Junior (1994)

junior_2Starring Arnold Schwarzenegger, Danny DeVito, Emma Thompson, Pamela Reed, Frank Langella, Aida Turturro, James Eckhouse, Megan Cavanagh, Welker White, Kathleen Chalfant

Directed by Ivan Reitman

Expectations: Low, but I’m excited to revisit.

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Certain films require an audience to suspend their disbelief in order for them to work, and this is probably the biggest hurdle that any viewer of Junior is going to face. The idea of a pregnant man is simply preposterous; there’s no way that the film can logically make you believe it’s possible. The explanations given in the film don’t help either, as even the simplest passing thought can deconstruct the film’s basic premise. So any viewer of Junior is asked to choose whether they will buy into the concept and just roll with it, or if they will reject it as patently absurd.

There was a time when I refused to watch Junior. It took five or six years after it came out before I was willing to see my #1 movie hero emotional and knocked up. Even then I went in with a furrowed brow and crossed arms, basically ensuring that I was going to hate it. And I did. In the intervening 15 or so years those hard edges of my film-loving personality have naturally worn down a bit, and now I realize movies are ultimately trivial, no matter how passionate I am about them (then or now). So going into Junior this time, I was actually excited.

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Brave (2012)

brave-poster-newStarring Kelly Macdonald, Billy Connolly, Emma Thompson, Julie Walters, Robbie Coltrane, Kevin McKidd, Craig Ferguson

Directed by Mark Andrews & Brenda Chapman

Expectations: Fairly low. I’m only watching this because my girlfriend wanted to see it.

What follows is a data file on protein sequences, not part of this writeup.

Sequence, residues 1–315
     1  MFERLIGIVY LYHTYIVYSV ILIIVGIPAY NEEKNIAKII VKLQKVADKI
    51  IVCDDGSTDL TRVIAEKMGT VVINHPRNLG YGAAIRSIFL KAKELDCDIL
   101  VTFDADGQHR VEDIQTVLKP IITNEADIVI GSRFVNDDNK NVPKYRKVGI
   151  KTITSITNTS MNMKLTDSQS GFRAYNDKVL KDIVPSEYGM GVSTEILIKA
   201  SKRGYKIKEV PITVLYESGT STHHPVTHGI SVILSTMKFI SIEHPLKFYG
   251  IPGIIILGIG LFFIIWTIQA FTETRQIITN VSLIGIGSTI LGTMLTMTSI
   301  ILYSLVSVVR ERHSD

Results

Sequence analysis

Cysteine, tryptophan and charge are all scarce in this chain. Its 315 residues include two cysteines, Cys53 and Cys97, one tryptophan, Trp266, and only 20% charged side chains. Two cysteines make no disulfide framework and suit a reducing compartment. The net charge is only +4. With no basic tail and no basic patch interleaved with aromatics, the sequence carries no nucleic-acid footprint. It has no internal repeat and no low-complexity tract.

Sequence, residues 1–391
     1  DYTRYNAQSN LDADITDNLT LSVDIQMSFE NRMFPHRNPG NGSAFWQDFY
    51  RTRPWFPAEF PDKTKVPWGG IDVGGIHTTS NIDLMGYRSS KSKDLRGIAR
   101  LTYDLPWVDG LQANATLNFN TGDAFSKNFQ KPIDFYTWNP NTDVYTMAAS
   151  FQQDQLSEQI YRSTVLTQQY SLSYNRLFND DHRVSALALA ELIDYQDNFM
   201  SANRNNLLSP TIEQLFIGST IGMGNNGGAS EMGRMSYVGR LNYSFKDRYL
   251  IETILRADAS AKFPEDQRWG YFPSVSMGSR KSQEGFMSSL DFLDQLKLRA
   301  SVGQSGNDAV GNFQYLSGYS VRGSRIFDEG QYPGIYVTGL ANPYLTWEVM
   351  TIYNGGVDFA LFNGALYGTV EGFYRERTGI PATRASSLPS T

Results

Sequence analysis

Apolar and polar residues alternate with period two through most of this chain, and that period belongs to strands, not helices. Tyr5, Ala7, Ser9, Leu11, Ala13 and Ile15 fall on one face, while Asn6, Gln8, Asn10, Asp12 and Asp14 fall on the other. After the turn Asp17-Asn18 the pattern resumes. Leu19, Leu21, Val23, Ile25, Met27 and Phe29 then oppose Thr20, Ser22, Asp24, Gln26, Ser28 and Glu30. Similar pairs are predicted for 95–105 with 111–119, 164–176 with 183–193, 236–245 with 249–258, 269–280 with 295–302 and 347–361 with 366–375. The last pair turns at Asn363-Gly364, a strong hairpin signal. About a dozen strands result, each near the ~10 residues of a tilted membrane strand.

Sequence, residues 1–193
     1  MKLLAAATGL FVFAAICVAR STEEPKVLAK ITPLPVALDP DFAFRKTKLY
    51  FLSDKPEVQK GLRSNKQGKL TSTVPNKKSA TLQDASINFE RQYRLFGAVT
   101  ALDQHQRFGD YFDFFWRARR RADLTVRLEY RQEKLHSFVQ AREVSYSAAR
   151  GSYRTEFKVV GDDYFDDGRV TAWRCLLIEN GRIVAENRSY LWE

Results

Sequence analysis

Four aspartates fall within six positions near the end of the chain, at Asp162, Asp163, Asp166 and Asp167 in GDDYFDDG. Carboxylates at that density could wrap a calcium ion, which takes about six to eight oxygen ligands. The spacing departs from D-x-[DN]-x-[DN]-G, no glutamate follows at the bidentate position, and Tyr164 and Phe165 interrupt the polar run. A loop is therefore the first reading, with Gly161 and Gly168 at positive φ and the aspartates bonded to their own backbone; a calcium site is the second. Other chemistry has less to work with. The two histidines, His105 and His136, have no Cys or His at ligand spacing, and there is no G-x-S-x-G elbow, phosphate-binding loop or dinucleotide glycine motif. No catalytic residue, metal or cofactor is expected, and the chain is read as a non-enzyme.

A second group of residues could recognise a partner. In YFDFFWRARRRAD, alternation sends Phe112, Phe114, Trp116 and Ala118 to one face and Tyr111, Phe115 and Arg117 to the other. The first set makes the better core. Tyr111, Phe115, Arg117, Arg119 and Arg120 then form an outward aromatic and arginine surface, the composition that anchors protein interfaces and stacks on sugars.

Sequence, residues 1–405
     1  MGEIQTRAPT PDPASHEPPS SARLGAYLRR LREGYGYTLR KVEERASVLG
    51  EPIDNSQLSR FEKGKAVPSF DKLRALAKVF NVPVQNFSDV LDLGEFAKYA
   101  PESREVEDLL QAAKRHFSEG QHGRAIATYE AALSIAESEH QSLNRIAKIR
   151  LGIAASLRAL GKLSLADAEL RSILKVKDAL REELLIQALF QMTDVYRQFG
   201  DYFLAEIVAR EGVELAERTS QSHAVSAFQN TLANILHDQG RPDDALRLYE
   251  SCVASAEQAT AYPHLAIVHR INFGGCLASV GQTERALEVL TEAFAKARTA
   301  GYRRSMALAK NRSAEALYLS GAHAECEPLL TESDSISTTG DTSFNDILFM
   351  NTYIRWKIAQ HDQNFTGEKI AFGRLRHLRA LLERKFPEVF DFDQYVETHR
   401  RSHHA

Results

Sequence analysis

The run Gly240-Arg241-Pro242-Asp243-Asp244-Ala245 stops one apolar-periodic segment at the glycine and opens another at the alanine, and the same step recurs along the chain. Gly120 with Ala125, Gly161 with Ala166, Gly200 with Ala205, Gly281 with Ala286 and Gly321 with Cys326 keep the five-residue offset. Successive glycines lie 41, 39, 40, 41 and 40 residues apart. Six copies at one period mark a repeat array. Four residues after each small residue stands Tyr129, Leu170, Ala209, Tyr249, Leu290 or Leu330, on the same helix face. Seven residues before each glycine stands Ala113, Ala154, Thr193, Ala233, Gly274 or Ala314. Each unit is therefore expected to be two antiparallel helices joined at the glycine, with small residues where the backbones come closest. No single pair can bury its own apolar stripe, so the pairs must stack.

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Films that I never intended to watch usually fall into two camps: the ones that reinforce my reasons for not watching them, and the ones that win me over and make me sad I didn’t see them sooner. Brave falls into both categories, as everything I hated about the trailer is still front and center here, while the simple, Disney-style throwback story got me nostalgic for the good ole days of fairy tales where every young protagonist had a run-in with an elderly witch and things went sour. Brave is definitely not a great film, but it is entertaining enough. What was most interesting to me, though, were the visuals.

Let me first state that the film looks great. The team at Pixar should be very proud of themselves, as they have reached a level of visual fidelity in 3D animation that I’ve never seen before (like just about every movie they’ve done previously). Pixar is always on the forefront of killer tech, and Brave proves that they still have many tricks up their collective sleeves.

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Mini-Review: An Education (2009)

Starring Carey Mulligan, Peter Sarsgaard, Alfred Molina, Rosamund Pike, Dominic Cooper, Emma Thompson, Olivia Williams, Cara Seymour, Sally Hawkins, Matthew Beard, Ellie Kendrick, Beth Rowley

Directed by Lone Scherfig

Expectations: Super low, but Nick Hornby wrote the script so I do expect it will be well written.


There’s nothing wrong with this movie, but there isn’t really anything special about it either. Sure, Carey Mulligan is a great new talent and really shows off her ability in her role, but there’s not much else to get excited about here. What’s the point of it all?

The film is competently made and the dialogue is well written. The acting is very good all around. I’m a big Alfred Molina fan and I wasn’t aware that he was in this, so that was a welcome surprise. Despite the fact that they got these key things right, they forgot to have an interesting story. The whole thing for me just exudes this air of being wonderfully okay.

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